Education is not the only realm where there is demand for Islam-themed products. Parents are also increasingly seeking decor to make their homes more festive, especially during religious holidays such as Ramadan and Eid. Bismillah Buddies for instance, sells banners, cards, cupcake toppers and gift boxes emblazoned with “Eid Mubarak” in English and Arabic, and some of Hameed’s boxes include themed DIY decor. In fact, contemporary decor designs inspired by Islam started trending in Europe and North America before picking up steam in the Middle East.
Former Dubai resident Zainab Merali founded My Little Ruhm in 2017, when she was decorating her nursery but could not find tasteful Islamic decor locally. "Being from Canada, I knew that modern Islamic home decor existed in abundance in North America and the UK, and that there was ironically a gap in the UAE," she says. This niche has expanded over the past few years, she says.
“There has been exponential growth in both demand and availability in the last three years alone, due to social media platforms.”
Merali says that for faith-based businesses, there is often a deeper motivation than just making money from sales. “We wanted our products and toys to be safe and sustainable, so they are made of natural materials, and most items were developed and handcrafted by working mothers who were empowering themselves and giving back to the communities through their businesses,” she explains.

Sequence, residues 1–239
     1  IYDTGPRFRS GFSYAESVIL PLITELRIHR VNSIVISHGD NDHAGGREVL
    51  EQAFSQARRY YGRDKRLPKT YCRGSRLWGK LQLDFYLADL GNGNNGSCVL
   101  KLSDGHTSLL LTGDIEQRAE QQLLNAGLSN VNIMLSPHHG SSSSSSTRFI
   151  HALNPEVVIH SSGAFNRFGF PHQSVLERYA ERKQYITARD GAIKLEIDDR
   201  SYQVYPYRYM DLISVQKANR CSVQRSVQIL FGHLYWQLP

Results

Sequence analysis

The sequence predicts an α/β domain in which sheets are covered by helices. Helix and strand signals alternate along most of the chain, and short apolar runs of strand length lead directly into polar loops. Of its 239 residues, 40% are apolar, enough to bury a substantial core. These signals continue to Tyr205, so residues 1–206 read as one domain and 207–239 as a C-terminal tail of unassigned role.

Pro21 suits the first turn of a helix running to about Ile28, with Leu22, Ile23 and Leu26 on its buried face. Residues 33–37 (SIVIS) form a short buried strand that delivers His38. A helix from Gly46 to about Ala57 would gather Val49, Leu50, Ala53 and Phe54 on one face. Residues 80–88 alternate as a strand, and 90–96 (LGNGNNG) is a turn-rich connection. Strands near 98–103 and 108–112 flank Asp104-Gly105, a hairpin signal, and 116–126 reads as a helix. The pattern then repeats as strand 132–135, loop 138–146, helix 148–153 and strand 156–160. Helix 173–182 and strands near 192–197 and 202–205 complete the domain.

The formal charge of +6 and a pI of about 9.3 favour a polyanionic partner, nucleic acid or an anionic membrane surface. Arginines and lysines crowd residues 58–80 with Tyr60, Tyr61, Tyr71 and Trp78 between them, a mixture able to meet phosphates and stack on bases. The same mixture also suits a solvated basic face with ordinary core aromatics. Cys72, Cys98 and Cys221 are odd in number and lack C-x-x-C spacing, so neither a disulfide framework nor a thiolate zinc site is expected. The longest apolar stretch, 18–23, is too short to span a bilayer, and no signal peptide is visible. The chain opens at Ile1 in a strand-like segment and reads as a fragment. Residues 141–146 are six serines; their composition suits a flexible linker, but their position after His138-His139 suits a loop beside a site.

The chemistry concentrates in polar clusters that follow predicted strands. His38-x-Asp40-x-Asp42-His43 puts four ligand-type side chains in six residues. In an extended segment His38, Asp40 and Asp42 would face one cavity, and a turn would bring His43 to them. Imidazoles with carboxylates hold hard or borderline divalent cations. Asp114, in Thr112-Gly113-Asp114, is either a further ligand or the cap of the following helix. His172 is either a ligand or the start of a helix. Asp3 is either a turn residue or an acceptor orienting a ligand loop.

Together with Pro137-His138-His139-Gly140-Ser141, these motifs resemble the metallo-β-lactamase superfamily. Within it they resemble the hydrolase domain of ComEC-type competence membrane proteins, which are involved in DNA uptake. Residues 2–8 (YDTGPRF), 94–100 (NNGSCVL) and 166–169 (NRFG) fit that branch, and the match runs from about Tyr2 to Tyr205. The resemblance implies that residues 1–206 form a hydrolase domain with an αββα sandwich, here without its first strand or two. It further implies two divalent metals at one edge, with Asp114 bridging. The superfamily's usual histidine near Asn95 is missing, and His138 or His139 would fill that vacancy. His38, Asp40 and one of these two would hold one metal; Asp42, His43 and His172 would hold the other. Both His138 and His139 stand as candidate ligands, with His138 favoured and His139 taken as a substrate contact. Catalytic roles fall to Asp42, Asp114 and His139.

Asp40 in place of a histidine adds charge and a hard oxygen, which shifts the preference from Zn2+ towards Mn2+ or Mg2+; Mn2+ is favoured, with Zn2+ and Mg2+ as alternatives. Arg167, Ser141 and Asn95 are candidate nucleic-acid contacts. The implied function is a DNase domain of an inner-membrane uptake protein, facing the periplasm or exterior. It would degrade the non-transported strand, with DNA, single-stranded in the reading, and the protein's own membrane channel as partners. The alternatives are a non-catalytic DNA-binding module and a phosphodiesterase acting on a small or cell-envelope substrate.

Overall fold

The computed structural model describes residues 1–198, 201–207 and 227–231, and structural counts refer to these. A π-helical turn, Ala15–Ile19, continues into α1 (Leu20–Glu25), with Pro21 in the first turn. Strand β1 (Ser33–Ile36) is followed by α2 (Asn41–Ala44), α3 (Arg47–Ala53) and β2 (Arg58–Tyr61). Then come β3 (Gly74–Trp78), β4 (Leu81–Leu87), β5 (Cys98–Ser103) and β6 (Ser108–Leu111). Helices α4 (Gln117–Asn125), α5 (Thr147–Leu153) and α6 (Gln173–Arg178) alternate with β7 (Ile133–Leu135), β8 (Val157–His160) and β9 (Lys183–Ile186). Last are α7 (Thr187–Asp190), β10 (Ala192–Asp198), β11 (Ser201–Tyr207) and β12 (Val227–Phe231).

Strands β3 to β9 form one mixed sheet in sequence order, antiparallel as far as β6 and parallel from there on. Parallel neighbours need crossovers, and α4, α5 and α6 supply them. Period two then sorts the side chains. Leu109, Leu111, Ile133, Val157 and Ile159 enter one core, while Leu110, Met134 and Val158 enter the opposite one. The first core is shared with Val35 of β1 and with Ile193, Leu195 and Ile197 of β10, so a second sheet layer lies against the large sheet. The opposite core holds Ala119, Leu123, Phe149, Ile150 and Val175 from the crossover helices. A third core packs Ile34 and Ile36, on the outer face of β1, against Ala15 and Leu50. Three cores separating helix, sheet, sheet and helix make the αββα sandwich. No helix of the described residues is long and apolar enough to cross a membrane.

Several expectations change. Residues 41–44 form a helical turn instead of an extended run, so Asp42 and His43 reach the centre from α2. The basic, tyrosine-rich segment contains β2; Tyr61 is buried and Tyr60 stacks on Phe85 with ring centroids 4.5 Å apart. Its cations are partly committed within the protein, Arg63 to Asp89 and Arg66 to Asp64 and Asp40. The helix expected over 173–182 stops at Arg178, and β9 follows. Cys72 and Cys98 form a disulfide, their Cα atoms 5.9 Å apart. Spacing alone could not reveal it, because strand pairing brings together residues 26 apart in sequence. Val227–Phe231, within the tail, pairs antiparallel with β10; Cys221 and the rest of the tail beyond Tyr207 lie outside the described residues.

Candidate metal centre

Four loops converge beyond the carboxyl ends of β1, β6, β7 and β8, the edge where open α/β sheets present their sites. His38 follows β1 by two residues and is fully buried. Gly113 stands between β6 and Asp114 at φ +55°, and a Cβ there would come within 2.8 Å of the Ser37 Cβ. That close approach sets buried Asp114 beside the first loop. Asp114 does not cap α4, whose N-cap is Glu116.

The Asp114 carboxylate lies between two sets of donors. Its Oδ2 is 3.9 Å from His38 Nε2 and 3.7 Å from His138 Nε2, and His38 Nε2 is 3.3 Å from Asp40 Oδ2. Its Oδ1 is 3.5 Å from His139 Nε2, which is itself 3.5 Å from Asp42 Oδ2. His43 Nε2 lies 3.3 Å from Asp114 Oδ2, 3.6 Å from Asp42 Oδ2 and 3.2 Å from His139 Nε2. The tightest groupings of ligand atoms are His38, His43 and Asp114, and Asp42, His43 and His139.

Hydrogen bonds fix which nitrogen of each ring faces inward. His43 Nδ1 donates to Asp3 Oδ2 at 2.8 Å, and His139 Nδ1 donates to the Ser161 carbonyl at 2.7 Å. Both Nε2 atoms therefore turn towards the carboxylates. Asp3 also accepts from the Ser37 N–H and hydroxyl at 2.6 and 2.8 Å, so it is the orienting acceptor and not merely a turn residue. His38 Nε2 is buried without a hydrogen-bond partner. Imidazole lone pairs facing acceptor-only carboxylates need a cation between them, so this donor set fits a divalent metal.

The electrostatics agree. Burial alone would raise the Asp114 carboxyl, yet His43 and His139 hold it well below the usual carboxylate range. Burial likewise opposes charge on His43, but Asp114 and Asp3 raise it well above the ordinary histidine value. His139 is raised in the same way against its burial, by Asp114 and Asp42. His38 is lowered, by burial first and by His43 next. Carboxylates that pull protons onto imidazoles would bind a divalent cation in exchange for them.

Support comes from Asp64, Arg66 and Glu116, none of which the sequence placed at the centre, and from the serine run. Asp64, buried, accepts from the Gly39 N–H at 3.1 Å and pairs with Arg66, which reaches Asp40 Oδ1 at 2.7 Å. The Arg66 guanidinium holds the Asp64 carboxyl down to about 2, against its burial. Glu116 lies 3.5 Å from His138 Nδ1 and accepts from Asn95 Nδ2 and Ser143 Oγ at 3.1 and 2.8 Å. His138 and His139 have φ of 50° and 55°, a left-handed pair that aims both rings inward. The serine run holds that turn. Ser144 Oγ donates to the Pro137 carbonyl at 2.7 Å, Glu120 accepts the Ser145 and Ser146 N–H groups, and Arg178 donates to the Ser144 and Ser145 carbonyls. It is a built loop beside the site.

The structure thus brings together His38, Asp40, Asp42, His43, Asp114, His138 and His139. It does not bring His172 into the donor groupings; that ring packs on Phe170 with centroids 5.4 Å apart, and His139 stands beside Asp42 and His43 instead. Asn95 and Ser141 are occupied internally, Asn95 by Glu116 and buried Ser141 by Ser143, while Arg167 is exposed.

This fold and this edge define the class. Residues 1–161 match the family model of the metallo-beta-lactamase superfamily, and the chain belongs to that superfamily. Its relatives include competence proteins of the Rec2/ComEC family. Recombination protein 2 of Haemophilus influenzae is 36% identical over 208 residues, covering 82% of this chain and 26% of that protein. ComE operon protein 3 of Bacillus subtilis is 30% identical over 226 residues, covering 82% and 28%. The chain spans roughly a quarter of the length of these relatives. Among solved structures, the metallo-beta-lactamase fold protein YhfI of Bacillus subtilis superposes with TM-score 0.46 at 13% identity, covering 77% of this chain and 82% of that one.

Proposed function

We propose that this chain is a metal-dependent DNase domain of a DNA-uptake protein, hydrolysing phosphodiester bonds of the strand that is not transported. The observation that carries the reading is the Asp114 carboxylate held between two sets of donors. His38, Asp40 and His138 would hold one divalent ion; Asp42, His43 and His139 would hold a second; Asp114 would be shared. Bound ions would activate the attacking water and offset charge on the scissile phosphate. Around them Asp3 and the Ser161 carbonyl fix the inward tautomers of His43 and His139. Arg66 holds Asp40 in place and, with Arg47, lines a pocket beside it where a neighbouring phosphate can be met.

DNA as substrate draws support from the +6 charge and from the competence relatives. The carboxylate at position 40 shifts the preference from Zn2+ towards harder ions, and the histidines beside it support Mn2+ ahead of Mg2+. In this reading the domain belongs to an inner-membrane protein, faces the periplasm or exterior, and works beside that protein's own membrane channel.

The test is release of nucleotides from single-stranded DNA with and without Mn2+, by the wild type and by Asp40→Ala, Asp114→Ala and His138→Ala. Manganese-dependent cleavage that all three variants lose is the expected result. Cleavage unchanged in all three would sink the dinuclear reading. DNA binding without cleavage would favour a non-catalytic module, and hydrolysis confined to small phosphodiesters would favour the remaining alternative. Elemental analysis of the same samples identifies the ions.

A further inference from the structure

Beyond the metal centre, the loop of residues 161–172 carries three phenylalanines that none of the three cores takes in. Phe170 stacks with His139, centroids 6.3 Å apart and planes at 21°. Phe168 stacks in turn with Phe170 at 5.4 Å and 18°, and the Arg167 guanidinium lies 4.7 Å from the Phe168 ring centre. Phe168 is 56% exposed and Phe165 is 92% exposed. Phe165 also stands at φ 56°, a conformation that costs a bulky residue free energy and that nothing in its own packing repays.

Muslim mothers are the pioneers of these enterprises, eager to teach Islamic values to their children in vibrant and refreshing ways that may not have been taught to them by their own parents.
Traditional Islamic discourse can be difficult to break down for a younger audience, especially for non-Arabic speakers, so distilling messages of the faith in a way that is positive and motivating is a concept that resonates with many modern-day Muslim parents.
“The idea is to make children proud of their Muslim identity, and see Islam as a loving religion – one that is practical, beautiful and fun," Merali says.
“But for this, they need access to products that speak to them and make them want to become active participants in developing their Islamic identity.”